Guru Singh Recalls a Decision that Changed His Destiny
What is that?” I heard a huge voice behind me asking, as I sanded an antique Thonet bentwood chair.
I turned to see Yogi Bhajan, my new teacher, towering over me with a most inquisitive stare.
“It’s my turban, Sir,” I responded with great enthusiasm.
It was actually a scarf that I’d managed to wrap enough times around my head, so as to capture all the curls of my unmanageable hair into one well-mannered clump.
“Why you’re doing that?” he continued to question.
“To be like you,” I replied, surprising even myself. “I want what you have.”
“Wow!” he said with a huge grin, “For you to cap an ego like that, it’s really something. Let’s see what it brings.”
He was right. This was huge for me. As a professional musician, my mountain of long curly hair was an identity; it was part of my personal and professional image. To cap and wrap it under a turban had been very impulsive, but also a bit courageous. After all, Warner Bros. Reprise Records had me under contract and I was hearing talk about being the next Dylan/Donovan.
So how then did I become Yogi Bhajan’s first student to tie a turban? I initially tied it to stop lacquer spray and sawdust from creating cement in my hair, and Yogi Bhajan was the reason I was working on that chair.
A few weeks earlier, just a month after starting yoga, I had attended a birthday party for Jules Buccieri, who owned the antique store where 3HO began. Yogi Bhajan needed a place to teach Kundalini Yoga in Los Angeles in January 1969—Jules offered his store. When it was time for class (before and after store hours), we would empty the furniture into the parking lot and do yoga on the antique Persian rugs.
That night at the party, Yogi Bhajan asked me where it was that I worked and I told him proudly that I didn’t. I was a musician.
“That’s very well,” he said to me, “but you need to learn to work too.”
I looked back with disbelief. This was the teacher who appeared in my life after I spent nine months in the Mexican wilderness with an indigenous Shaman. This was the teacher who the Shaman told me I would meet. He said to go and find the “Great One!” And now this “Great One” was telling me to get a job?
“If you want to understand the teachings, you’ll have to understand the students,” Yogi Bhajan smiled. “Most students aren’t musicians, they work; they have jobs.”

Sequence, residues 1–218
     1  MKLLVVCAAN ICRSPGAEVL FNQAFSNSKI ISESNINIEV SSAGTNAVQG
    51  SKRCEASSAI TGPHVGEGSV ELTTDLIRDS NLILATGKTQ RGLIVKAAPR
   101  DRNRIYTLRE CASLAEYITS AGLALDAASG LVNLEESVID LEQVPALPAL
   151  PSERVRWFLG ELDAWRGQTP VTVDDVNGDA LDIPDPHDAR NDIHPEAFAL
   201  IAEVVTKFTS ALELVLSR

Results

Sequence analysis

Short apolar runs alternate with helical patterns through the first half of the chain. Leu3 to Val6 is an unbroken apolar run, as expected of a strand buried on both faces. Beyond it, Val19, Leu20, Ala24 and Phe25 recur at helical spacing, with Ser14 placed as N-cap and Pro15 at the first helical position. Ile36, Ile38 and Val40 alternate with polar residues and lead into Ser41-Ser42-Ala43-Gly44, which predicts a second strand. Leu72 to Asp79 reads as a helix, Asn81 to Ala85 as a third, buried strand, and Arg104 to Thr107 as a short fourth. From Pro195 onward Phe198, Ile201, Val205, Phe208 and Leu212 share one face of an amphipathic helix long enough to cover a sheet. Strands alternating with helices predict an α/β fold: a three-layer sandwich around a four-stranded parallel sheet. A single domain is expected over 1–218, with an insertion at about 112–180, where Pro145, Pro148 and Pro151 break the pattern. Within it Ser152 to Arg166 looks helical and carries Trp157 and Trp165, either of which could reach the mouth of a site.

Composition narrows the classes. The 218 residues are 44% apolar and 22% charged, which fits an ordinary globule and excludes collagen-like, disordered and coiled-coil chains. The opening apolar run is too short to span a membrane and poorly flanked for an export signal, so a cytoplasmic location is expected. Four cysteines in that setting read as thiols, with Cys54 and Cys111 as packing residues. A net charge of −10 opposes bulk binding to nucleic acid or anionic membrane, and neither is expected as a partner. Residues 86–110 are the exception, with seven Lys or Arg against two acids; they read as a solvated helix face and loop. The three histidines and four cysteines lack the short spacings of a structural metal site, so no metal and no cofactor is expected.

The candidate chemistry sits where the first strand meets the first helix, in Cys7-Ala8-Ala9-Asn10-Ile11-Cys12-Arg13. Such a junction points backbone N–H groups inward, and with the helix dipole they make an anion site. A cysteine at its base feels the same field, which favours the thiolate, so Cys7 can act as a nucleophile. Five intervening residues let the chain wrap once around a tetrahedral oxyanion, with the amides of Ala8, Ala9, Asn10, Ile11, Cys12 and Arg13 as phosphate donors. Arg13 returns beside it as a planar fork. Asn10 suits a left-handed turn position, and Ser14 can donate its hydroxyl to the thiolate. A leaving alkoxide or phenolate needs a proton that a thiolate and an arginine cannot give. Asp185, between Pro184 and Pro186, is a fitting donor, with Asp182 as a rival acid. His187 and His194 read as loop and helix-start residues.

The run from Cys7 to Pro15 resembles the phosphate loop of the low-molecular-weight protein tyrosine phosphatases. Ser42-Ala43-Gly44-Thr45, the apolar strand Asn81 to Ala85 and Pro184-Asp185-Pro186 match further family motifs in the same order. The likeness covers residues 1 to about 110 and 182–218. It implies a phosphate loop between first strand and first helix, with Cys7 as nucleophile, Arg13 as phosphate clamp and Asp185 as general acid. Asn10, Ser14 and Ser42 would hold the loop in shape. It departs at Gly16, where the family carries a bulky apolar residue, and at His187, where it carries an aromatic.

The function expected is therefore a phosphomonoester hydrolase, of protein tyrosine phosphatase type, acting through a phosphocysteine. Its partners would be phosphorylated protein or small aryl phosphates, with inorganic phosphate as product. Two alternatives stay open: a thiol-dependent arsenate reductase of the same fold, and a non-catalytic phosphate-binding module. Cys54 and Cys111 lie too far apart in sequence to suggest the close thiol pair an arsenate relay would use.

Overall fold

He laughed and turned to Jules Buccieri. “Hire this ‘music-man’ on the spot,” he said, and I began sanding and painting antiques the very next day.
That was the beginning of a journey, now thirty-six years in the making; a journey of creating a teacher, minister, husband and father, out of a musician, who now uses music to teach.
Once I discovered how a turban made me feel, the reasons quickly changed from protecting my hair, to connecting my brain. I found the turban that wrapped and held my head, both focused and calmed my mind. I was a different person with it on.
A long time has passed since the initial dust and spray, the surprising bonus of focus and calm. What really made me tie that turban were faith, trust, and admiration for a teacher. What’s resulted from it has been monumental.
Years later, Yogi Bhajan says to me, “We had no idea, did we Guru Singh, where tying a turban was going to lead?”
“Not at all,” I answer.
In January of 1969, after meeting Yogi Bhajan, he began his daily Kundalini Yoga practice. He was the first Westerner to wear the turban, and began accompanying the Master as he taught at Universities, lecture halls, spiritual centers and Sikh Gurdwaras around the world.
As chairman of the International Council of Sikh Ministers, Guru Singh has worked with spiritual and religious leaders of nearly every faith, working to connect diverse communities around the world. His extensive music background and knowledge of Sahaj Shabad (sound) therapy enables him to offer a unique approach to counseling, restoring the natural human physical, mental and emotional harmonies through meditation and applied sound.
Guru Singh has recorded a number of CDs, some of which are not currently available. His revolutionary and still very popular Game of Chants, a collaboration with his good friends GuruGanesha Singh, Thomas Barquee and Seal, was an early and very successful attempt to launch a new musical genre of “Spirit Rock”.
Anyone who has attended the annual Summer Solstice Sadhana in New Mexico will know him from his (very) early morning wake-up song – “Rise Up” – (also included in Game of Chants), as he serenades one and all with his guitar.
Guru Singh is a third generation yogi and teacher of Humanology and the Kundalini Yoga Experience. He is a musician, composer, author and a Minister of Sikh Dharma, with a Doctorate of Divinity. He is one of the Founding Directors of the Miri Piri Academy, an international elementary through high school in Amritsar, India, where students from around the world benefit from an academic curriculum delivered with a spiritual-global focus.
Members of his family lived in India in the early 20th Century. His great aunt studied with Paramahansa Yogananda (Autobiography of a Yogi) and traveled with him to the US and served him until his passing in 1952. He was an early mentor for the young Guru Singh (born 1945) in his family home in Seattle. A devoted family man, he has bases in Los Angeles, Seattle and India, and teaches around the world with his wife. They have 2 children and grandchildren. Visit GuruSingh.com for more information about him.